Attracted to the cutest little Australian Shepherd doggie, I met his owner, Ross, who Ross told me bout parttimepooch.com. It’s a site that links dog owners who leave their pets at home all day with people like me who want to walk and/or play with a dog but not to own one.
More astounding was discovering Ross was gay, a nurse clear about the non-hazards of non-detectable levels of HIV and he has PTSD and stammers. Plus he wants to date me. What are the odds? (I am not interested at all dating but his interest was flattering.)
That was my big event of yesterday. Today’s was leaving my building at 6:50 am to go to St. Paul’s for my quarterly blood test and fifty meters from my back door I came upon the body of a dead man. Someone had called the police who arrived and covered him.
The two shots above are snapshots from the statistics of readership of this blog. The graph reveals a recent sudden and dramatic increase in readership. The map shows you that the surge has come from Russia.
Tomorrow my wonderful ex, Steve, arrives. My life is going to go from 20 rpms to 200. Steve lives at a frantic pace. He comes back to Vancouver each year for Pride.
Yesterday I walked for a while with my friend Margot. She wanted a coffee so we went to a place near the beach that was crowded and loud. I could not take it. I seized right up and had to flee. The experience has had me decide not to participate in any Pride events with Steve this coming weekend.
Acute PTSD is certainly changing my life, but not for the worse.
Posted by Chris Tyrell Loranger at 6:48 PM
Sunday, July 24, 2016
Yesterday I walked to highway 401. I’ve been scouting locations where wild grasses grow so I can (legally) harvest it in the fall for a visual art project I’m planning. On route I passed through the Pacific National Exhibition (PNE) grounds.
I stopped to rest on a bench there. I take regular breaks when I walk to drink water and to give my legs a rest. As soon as I sat down, I had “an episode;” that’s what I call them now.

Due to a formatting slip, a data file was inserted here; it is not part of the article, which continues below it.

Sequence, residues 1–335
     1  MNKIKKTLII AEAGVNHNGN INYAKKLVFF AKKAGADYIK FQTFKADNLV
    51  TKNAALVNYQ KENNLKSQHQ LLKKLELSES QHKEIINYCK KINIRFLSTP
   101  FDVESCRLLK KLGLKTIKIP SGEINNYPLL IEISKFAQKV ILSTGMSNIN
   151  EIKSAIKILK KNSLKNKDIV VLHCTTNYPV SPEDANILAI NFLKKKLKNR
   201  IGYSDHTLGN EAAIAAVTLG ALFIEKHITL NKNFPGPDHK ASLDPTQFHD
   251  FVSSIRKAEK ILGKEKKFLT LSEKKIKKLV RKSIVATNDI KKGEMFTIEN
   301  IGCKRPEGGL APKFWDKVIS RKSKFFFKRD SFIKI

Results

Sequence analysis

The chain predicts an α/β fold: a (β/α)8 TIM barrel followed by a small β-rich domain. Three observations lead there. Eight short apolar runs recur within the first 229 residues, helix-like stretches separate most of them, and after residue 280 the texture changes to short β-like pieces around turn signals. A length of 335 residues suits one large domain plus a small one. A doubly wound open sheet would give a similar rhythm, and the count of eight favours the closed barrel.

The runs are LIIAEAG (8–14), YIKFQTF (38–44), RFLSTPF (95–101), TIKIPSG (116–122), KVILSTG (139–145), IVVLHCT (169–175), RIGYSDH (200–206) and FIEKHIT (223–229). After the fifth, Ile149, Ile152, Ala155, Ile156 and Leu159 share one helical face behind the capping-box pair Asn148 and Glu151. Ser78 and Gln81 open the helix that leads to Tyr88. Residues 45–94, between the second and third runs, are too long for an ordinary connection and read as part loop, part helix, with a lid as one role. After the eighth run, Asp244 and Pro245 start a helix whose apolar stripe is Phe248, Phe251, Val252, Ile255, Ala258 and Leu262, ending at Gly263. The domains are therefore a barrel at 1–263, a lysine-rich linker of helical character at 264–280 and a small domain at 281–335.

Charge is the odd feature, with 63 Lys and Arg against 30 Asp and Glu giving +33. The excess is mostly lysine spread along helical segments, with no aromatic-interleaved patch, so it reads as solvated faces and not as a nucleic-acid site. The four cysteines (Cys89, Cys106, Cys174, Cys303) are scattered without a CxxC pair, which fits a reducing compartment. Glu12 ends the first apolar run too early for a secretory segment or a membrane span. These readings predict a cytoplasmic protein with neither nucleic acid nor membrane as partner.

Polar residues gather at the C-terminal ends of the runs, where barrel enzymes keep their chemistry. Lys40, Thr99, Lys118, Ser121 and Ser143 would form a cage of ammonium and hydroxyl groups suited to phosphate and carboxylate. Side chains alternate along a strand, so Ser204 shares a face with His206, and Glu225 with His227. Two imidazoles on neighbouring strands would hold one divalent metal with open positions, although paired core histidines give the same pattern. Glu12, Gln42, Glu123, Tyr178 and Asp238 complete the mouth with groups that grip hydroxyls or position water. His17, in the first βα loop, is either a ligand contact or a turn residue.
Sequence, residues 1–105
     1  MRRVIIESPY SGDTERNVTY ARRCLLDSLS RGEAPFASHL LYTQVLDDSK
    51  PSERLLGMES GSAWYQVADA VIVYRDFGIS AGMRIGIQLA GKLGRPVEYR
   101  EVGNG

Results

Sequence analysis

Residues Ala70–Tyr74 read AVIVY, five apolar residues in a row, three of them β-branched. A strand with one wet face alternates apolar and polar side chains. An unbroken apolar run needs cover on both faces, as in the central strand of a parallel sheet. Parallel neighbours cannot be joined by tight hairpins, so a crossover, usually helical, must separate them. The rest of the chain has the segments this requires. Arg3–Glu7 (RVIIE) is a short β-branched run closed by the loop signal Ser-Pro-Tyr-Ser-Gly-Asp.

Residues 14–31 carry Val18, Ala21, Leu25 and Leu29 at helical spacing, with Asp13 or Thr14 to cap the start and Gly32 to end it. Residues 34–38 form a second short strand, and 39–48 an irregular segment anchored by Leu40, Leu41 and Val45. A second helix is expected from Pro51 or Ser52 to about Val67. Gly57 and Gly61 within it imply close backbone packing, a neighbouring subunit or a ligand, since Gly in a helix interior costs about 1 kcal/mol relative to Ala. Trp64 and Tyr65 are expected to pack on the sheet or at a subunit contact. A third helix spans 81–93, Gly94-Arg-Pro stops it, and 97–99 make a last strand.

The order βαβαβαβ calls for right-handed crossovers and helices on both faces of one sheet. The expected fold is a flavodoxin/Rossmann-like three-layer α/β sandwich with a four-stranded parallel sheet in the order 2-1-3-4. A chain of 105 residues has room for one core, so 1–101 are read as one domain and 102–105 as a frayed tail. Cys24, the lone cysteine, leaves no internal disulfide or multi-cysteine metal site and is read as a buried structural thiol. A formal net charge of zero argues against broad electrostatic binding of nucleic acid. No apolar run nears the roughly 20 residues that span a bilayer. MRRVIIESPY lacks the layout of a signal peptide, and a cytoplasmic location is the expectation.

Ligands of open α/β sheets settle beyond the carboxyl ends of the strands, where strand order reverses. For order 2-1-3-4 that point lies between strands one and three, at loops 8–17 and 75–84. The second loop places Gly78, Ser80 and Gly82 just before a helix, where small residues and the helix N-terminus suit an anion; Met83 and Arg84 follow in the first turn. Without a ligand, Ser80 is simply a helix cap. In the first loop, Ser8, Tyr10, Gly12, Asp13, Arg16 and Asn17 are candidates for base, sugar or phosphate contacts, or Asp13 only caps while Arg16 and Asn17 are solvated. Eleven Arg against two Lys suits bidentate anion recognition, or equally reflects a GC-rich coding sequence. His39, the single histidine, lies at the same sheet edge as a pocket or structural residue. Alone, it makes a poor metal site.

When I was first diagnosed with PTSD I had many daily anxiety attacks. I’d be cripplingly anxious all the time I was outside of my condo. I needed two pairs of dark glasses and earplugs to go out and I was prone to sudden bursts of crying and fear. That was phase one.
Then came seizures; I’d have up to fifteen a day and they were brutal. I’d convulse and not really remember much. That was phase two. It, too, passed.
Now I’m in phase three. It’s characterized by these “episodes, as I call them. They are downgraded seizures. There are no more convulsions, just one or two soft body jerks, but I am still unable to speak during one; I stammer grotesquely.
At home alone I don’t have episodes. I feel perfectly normal here. But if I go out, I have a lot of them. And if I encounter a friend, it’s the first thing that happens. (I don’t stammer with clerks and receptionists usually, thank goodness.)
A beautiful old building on the PNE campus triggered my episode on that bench when I sat down yesterday I recognized it as the former Garden Pavilion, shorn of all its glory.
The Garden Pavilion was my favourite part of the PNE in the 1950s. Each year its entire interior was landscaped in an all-enveloping glory. Flowering trees towered above and exotic mosses, grasses and succulents interspersed the explosions of colour from the concentrated floral extravaganzas.
I was truly gob smacked later in life when I found out my Aunt Mary’s brother, Jimmy, created those magical gardens.
Aunt Mary wasn’t my true aunt. It was Mary who transported me from the orphanage to the Tyrell’s. And as much as I loved her and the story of how she earned her title, I could not believe that the Tyrell’s had me picked up from the orphanage and delivered like a pizza when they got custody of me.